Perhaps because they can’t whisper in the Prime Minister’s ear?

igniting-potentialI’m kidding. (It would be a worry if there were some truth in it.)

More seriously, I would like to understand why.

Don’t get me wrong. My initial impression is that it is a fine initiative for those it does serve. I’m just curious as to why smaller players have been left out.

John Key’s speech outlines several initiatives: Technology development grants, technology vouchers, technology transfer, science capability and introduces the Igniting Potential document (PDF file). The latter is ~60 pages long and I’m still coming to grips with it. In the meantime I will rely on the speeches and summaries.

As (very) small player, this line in the MoRST summary (PDF file) of the requirements for applicants to the new Technology Development grants catches my eye:

and revenues of at least $3 million a year

OK, let’s forget about helping smaller ventures or those at an earlier stage.

It’s like John Key says in his speech:

These grants will be targeted at medium to large, research-intensive firms, which can show that their activities result in wider benefits to New Zealand.

It is good to see the broad issue receiving attention and I applaud that. But why the focus only on larger players?

John Key said:

They are not project based, which cuts down on bureaucracy and lets research-intensive firms determine the best use of the funding.

I hope this is set up to encourage new initiatives to start on seeing the opportunity rather than after protracted application processes. My impression is that one of the key reasons the top institutions are the top research institutions is that they are able to react to new directions swiftly. (The same can be said of businesses.)

But why deny the smaller players? Without supporting them, it would seem to want to ’institutionalise’ R&D in New Zealand.

My concern over the absence of support for smaller players extends to other initiatives in the package. The Technology Transfer Vouchers are limited to ’accredited research organisations.’ Readers are welcome to offer odds that smaller players will be included. (Mine are very low…)

The approach sets up a familiar catch-22. Smaller players can’t get to ’Go’ because the entry point is too high and favours the existing larger players. The best they can hope for is to prostitute ally themselves to one of the larger players, if one fits their venture. (Assuming there is a means to benefit this way.)

If the intention is to allow quicker responses to new opportunities within the existing institutions I appreciate the thinking and support it, but–in my opinion–the criteria that make this work, over and above funding being present, are the skills present, their fit to the venture and how research is managed within the organisation, not the size of the organisation or even it’s past record per se. (Size will affect what kind of research is tackled and how.)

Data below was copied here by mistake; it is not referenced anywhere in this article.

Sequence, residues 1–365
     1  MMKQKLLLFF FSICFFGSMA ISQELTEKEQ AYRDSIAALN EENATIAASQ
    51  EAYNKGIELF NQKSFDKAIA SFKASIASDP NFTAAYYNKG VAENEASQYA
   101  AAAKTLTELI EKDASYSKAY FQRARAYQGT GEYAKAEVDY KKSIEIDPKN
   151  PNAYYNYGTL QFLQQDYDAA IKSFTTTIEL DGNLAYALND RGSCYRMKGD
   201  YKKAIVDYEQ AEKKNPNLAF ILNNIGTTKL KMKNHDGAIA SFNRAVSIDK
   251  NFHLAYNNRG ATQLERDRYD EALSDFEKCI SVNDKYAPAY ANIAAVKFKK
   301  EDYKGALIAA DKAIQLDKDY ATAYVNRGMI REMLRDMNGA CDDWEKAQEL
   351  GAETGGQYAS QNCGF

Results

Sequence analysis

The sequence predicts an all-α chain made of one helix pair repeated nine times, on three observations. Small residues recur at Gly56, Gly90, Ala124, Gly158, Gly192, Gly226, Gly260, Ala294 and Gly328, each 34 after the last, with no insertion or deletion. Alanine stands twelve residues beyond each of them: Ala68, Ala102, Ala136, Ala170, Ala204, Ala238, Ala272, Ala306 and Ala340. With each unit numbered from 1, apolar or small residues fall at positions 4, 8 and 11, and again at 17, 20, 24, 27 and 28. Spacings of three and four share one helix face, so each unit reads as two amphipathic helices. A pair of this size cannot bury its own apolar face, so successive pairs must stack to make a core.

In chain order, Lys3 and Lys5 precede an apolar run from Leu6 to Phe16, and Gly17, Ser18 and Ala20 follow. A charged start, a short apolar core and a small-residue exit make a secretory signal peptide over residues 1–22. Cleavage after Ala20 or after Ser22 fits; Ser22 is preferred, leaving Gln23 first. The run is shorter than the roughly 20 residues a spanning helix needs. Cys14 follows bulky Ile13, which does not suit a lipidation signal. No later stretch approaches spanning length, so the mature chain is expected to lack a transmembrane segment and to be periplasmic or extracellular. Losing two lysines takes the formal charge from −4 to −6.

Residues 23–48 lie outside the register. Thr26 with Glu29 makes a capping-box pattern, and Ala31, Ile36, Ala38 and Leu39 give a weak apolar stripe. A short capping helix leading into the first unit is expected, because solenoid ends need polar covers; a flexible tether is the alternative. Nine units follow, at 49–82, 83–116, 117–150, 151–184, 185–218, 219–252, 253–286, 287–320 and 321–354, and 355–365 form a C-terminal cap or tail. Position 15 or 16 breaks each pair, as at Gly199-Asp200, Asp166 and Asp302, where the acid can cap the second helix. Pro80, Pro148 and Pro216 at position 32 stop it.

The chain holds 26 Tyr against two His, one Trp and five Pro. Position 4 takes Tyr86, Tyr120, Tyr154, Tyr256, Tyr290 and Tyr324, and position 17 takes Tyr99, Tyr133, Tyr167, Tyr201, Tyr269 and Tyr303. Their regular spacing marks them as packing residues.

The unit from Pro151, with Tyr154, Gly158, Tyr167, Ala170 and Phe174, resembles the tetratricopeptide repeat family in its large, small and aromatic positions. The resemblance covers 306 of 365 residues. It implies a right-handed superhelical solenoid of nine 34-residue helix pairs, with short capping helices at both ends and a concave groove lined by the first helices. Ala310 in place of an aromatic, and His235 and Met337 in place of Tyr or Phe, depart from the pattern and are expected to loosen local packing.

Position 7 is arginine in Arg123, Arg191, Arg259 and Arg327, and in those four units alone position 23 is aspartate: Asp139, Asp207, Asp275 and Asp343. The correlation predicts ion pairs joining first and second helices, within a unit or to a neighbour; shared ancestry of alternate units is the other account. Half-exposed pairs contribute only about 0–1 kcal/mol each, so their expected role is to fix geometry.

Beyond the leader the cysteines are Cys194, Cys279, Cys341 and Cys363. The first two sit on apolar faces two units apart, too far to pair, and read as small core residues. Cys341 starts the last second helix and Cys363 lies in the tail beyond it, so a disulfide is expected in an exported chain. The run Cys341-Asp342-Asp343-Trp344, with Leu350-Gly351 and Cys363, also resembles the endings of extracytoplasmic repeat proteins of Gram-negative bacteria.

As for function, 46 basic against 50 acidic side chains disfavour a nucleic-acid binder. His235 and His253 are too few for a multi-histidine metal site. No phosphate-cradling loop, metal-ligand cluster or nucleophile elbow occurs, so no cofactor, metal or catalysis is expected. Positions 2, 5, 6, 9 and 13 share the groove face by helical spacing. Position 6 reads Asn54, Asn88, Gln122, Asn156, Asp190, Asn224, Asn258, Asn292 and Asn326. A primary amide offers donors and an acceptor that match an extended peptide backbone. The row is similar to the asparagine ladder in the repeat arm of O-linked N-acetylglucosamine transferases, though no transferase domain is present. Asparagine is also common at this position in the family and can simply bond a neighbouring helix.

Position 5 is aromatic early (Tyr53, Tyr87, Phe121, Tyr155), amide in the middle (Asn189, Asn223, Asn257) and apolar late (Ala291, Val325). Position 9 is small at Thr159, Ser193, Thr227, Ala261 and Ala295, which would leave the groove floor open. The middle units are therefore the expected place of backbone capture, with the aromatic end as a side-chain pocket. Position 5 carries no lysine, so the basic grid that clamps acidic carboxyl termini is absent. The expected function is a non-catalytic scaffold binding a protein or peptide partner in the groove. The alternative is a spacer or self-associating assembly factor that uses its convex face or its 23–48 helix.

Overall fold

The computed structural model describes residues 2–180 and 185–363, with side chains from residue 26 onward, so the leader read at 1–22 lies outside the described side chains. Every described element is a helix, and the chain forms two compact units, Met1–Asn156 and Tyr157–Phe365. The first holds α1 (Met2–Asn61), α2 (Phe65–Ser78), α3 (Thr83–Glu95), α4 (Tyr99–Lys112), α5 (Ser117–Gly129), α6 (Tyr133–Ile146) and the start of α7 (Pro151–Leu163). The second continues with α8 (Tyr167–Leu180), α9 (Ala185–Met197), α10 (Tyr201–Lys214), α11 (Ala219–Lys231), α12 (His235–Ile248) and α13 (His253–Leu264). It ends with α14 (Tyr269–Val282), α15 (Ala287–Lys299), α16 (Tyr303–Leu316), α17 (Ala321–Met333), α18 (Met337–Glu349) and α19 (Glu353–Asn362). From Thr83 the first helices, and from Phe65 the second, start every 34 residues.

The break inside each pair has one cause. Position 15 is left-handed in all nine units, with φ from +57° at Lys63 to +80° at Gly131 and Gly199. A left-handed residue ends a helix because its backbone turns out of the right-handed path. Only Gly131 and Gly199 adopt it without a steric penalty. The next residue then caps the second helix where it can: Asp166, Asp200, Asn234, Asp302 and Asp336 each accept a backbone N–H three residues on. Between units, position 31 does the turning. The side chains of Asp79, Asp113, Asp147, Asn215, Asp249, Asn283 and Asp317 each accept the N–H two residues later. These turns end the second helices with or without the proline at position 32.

Shortly after writing the draft version of the above I received in my email a news release from NZBio, also available on-line. Running under a subject line of ’NZBIO URGES GOVERNMENT TO INCLUDE INNOVATIVE SMES’ (capitals in the original, it’s a media release), it presents similar concerns:

’One potential concern is that the largest of the new measures is an investment of $189.5 million over four years to create a new type of R&D grant targeted at medium to large research intensive firms. With New Zealand’s predominantly SME economy and a focus on improving tech transfer new enterprises will be created. NZBIO and its members look forward to seeing the Government’s strategy for supporting these small, innovative companies.

’Major contributors to New Zealand’s science and innovation industries are often small to medium sized enterprises. It would severely impact their ability to contribute to New Zealand’s economy if these companies are ineligible for the benefits targeted at larger organisations.

[For the full article, please read the on-line copy.]

As these initiatives are not being launched until late this year, it would be good to think that there is still time to add support for SMEs.


Don’t confuse the meaning of R&D here with that in Labour’s tax credit. (The implementation of this I believe was actually headed by Peter Dunne of United Future.) R&D in Labour’s scheme more-or-less was any ’investigative’ activity that might further the success of a business. My understanding is that the R&D in the current initiative is the more traditional research that takes place in universities, CRIs and so on.

On a personal note, when Labour’s R&D package was announced it explicitly included players of all sizes, right down to self-employed operators. When implemented the small players got quietly dropped from the frame. Talk about offering hope only for it to be dashed.

(Updated to remove the reference to Christine Ross being the CEO of NZBio; the CEO is Bronwyn Dilley. My apologies.)

Other articles at Code for life:

More science in literature done right

Your thoughts on the future of bioinformatics in New Zealand

Alliances of pharmacists & GPs; opportunities to pressure for removal of useless “remedies”?

Myriad Genetics patent of BRCA (breast cancer) genes denied

External (bioinformatics) specialists: best on the grant from the onset

More inclusive re-entry to encourage departure to businesses?